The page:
The short answer is that the new version could introduce new bugs, as Robert Harvey mentioned in the comments. To be honest, I think you are approaching this the wrong way. In my experience, the better approach is to default to sticking with the version you have. Presumably, your team has already tested the version you use and how it integrates with your ...


7

Orace has adopted a pretty weird numbering scheme: Since the initial release of JDK 5.0, Java update releases have either been Limited Update releases that include new functionality and non-security fixes or Critical Patch Updates (CPUs) that only include fixes for security vulnerabilities. We will continue releasing Limited Update and CPU Java releases, ...


7

More and more companies follow in Chrome's footsteps and have more and more frequent customer releases. The pre-requisite for implementing short release cycles is a painless upgrade - in chrome, for example, the upgrade is done without user intervention at all on application start-up, and if the user keeps his application always on, he receives a minor flag ...


6

Git is not a deployment mechanism. It is a distributed source control tool. You are creatively using the “distributed” part to manage and deploy your artefacts, but that is not playing to Git's strength. Instead, storage of binary assets is a weakness of Git, because this results in a very large history, and no meaningful diffs are possible. I have worked ...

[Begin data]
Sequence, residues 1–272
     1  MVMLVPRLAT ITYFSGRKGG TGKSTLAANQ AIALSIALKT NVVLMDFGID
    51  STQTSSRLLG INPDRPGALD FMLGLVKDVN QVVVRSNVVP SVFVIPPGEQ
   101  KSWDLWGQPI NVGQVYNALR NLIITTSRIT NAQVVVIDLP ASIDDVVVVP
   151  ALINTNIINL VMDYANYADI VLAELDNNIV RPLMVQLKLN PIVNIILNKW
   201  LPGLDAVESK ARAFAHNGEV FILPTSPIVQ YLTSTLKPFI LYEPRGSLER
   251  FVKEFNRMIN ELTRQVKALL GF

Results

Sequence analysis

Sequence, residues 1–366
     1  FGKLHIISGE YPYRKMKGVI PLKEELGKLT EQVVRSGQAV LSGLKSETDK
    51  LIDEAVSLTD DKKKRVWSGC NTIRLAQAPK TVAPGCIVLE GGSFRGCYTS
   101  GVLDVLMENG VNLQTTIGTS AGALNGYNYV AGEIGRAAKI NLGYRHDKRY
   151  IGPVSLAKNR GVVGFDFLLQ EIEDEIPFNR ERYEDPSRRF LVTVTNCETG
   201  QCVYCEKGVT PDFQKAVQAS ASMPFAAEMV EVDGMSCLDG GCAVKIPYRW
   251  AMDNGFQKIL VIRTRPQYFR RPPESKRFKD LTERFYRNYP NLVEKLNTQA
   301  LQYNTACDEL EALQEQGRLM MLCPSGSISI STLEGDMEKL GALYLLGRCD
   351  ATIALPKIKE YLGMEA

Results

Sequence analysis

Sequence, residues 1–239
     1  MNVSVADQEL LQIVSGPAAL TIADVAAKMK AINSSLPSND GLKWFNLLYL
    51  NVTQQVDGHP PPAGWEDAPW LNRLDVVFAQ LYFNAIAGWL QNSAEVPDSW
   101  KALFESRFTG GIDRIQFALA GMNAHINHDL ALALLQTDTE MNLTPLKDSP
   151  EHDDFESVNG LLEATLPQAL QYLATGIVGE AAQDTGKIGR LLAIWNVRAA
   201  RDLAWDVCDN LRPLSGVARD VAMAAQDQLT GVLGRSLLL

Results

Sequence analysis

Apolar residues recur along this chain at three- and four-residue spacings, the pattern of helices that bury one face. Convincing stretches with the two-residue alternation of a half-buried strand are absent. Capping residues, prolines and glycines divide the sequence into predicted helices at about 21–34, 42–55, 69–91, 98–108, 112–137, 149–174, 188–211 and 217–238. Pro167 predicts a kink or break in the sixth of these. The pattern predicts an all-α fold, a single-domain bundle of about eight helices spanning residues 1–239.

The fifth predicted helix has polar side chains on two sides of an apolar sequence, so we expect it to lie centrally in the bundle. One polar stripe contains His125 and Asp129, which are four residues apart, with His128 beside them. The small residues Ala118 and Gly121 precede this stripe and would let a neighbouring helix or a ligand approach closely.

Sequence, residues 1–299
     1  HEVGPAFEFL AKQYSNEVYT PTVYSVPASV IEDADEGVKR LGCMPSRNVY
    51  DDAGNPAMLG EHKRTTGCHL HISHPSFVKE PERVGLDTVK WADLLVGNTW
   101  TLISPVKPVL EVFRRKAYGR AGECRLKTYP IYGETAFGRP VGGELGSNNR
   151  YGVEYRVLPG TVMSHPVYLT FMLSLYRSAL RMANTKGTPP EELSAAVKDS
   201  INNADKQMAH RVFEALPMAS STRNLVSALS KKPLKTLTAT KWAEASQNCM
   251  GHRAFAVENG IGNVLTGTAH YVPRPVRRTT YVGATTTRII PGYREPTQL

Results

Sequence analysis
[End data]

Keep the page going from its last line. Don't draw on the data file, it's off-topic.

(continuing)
5

The answer is more tests. Unfortunately, that isn't the answer you want to hear, but it really is the only solution. As you noted, the last roll-out went disastrously, which is most detrimental to customer satisfaction. It would be better to build a solid product with fewer new features than to build a whole bunch of buggy features on a buggy base. "This is ...


5

The main reason it is not wise to bundle your own copy of OpenSSL (or other commonly used libraries) is that your project will not be the only thing your end users install that uses those libraries. If you depend on the installed system version of OpenSSL on the host where you run, your users need only update that copy of OpenSSL when a new security issue ...


4

Deprecated or obsolete products or frameworks are usually best categorized (and "sold") as Technical Debt. If the new version offers fantastic improvements or benefits, then your job is easier. But even if it doesn't, staying on an older version incurs several risks: Lack of developer support. This is never a problem until it's a problem - get it? Lack of ...


4